(21) See commentary Art. 5, supra, p. 75;
(22) For example, confirming the civilian character of works or installations containing dangerous forces (Art. 56, para. 1) or confirming that a declared non-defended locality fulfils the conditions laid down (Art. 59). For other examples also see United Nations General Assembly, Report of the Secretary-General, A/8052, p. 78, para. 247;
(23) ' Commentary Drafts, ' p. 9. It should be noted that the two amendments to the draft Art. 79bis (present Art. 90, "International Fact-Finding Commission") explicitly laid down that the Commission could appoint qualified persons as mentioned in Art. 6 as experts assisting it (O.R. III, p. 339, CDDH/I/241, and Add. 1; p. 341, CDDH/I/267). However, these proposals found hardly any support and are therefore not contained in the final wording of Art. 90;
(24) ' Government replies, ' Annex 1, Draft regulation for the execution of the Geneva Conventions of 12 August 1949 for the protection of the victims of war, pp. 01-08;
(25) Ibid., p. 04, Art. 6;
(26) A proposal presented at the first session of the Conference of Government Experts envisaged the establishment of teams consisting of one representative of the national Red Cross, one international lawyer, one representative from an international non-governmental organization, of high international standing, of which this proposal mentions, by way of example, Amnesty International, the International Association of Democratic Lawyers, Friends World Committee for Consultation (Quakers), the International Commission of Jurists and the World Veterans Federation (' CE 1971, Report, ' pp. 115-116, CE/COM IV/4). In its report to the Second International Congress on the Neutrality of Medicine, the Commission médico-juridique de Monaco proposed in this respect to consult the World Medical Association, the national groups of the Institut de droit international and the International Law Association, as well as the national committees of the International Committee on the Neutrality of Medicine, op. cit., p. 120;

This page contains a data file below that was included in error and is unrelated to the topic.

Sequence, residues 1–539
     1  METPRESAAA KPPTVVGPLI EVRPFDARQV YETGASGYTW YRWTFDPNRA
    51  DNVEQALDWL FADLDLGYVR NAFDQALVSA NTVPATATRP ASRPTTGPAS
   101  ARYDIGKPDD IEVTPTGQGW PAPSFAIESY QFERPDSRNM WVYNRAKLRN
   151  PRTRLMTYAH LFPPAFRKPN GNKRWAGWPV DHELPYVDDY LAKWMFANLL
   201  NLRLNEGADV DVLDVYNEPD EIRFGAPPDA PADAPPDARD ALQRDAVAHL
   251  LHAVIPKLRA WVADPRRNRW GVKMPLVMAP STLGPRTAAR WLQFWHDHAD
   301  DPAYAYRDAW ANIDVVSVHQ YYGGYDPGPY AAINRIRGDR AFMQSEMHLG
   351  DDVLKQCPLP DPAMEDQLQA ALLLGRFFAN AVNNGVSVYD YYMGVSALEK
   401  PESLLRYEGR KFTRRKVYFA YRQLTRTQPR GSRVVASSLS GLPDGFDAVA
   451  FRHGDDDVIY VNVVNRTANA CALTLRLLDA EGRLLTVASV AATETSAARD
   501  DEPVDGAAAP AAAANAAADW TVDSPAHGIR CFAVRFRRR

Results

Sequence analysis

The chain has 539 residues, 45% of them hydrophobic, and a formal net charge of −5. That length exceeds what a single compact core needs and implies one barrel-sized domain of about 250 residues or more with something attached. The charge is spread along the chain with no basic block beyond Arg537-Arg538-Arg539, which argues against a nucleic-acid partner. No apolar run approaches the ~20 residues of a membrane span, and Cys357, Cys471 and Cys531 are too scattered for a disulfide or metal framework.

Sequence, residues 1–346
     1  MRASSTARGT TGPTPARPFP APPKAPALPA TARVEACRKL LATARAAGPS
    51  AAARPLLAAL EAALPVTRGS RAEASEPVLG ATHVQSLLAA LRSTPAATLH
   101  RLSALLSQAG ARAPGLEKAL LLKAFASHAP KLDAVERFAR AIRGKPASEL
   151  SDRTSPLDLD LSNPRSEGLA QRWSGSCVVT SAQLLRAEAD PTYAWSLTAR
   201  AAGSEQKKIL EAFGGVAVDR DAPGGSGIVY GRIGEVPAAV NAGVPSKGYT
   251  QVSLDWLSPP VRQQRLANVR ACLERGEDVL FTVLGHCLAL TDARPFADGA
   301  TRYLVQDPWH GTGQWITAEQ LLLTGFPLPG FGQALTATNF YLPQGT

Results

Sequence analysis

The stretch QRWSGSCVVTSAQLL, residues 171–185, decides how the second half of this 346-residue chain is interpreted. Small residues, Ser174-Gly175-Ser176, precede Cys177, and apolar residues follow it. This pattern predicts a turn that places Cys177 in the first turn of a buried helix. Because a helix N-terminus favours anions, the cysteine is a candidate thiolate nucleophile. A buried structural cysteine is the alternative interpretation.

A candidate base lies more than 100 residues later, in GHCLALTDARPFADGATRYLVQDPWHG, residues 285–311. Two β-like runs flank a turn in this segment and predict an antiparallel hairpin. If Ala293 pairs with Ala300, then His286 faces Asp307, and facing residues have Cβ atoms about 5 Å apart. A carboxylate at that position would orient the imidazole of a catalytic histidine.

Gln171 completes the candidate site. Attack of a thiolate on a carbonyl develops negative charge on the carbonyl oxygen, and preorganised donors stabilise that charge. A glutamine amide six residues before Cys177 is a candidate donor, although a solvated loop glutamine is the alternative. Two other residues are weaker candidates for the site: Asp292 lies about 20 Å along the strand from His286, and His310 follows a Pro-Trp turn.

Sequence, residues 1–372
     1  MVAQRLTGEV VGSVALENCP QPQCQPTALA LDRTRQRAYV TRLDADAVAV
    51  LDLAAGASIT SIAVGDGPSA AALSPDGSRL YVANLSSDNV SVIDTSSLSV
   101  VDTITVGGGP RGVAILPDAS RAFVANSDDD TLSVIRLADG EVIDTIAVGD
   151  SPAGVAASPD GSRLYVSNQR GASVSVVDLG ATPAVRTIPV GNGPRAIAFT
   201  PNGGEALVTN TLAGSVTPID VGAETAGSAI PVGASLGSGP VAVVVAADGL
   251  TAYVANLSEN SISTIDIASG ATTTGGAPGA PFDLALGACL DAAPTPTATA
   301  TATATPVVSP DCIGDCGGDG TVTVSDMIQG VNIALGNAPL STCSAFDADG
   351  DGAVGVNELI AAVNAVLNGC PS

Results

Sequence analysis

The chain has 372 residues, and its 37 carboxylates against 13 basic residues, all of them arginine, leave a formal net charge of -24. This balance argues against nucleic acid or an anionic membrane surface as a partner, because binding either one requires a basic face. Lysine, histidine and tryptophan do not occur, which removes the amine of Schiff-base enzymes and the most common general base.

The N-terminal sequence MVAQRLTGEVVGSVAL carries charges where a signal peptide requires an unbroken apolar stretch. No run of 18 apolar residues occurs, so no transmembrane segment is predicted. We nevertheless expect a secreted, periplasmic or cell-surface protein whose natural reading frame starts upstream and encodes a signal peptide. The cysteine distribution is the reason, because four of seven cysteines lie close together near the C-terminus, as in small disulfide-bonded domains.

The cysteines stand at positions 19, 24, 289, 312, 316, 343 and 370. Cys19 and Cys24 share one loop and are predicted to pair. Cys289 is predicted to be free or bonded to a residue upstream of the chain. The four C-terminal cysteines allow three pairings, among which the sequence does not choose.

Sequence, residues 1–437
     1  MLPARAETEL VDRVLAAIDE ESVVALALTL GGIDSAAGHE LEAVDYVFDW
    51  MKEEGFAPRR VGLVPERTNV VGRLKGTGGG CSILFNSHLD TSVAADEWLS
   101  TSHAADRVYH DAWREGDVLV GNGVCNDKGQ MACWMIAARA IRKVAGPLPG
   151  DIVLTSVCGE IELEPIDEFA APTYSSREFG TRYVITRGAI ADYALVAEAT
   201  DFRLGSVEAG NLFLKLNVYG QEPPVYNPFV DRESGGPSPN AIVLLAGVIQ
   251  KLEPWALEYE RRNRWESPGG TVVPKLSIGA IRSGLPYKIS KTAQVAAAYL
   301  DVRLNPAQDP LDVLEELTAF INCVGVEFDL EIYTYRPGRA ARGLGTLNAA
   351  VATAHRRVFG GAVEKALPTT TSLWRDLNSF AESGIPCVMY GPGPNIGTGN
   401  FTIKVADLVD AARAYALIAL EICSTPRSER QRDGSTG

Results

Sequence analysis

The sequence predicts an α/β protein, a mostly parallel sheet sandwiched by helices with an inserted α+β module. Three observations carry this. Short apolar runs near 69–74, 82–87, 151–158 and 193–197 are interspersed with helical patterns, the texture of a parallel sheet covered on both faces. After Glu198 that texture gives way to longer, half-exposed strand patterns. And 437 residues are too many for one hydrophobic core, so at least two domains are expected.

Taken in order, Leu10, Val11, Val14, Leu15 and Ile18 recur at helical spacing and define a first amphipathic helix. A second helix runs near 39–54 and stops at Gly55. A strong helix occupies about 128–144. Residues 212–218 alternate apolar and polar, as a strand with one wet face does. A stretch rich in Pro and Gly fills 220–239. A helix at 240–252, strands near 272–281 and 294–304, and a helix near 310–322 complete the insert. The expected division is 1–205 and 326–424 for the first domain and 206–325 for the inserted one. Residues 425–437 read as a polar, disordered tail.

(27) In cooperation with the League of Red Cross and Red Crescent Societies, the ICRC encourages the instruction of international humanitarian law, particularly in faculties of law and political science, military academies, and faculties of medicine and social sciences. It carries out enquiries in universities on the current position of this instruction in conjunction with the National Societies of the countries concerned;
(28) ' Government replies, ' Annex I, pp. 01-08;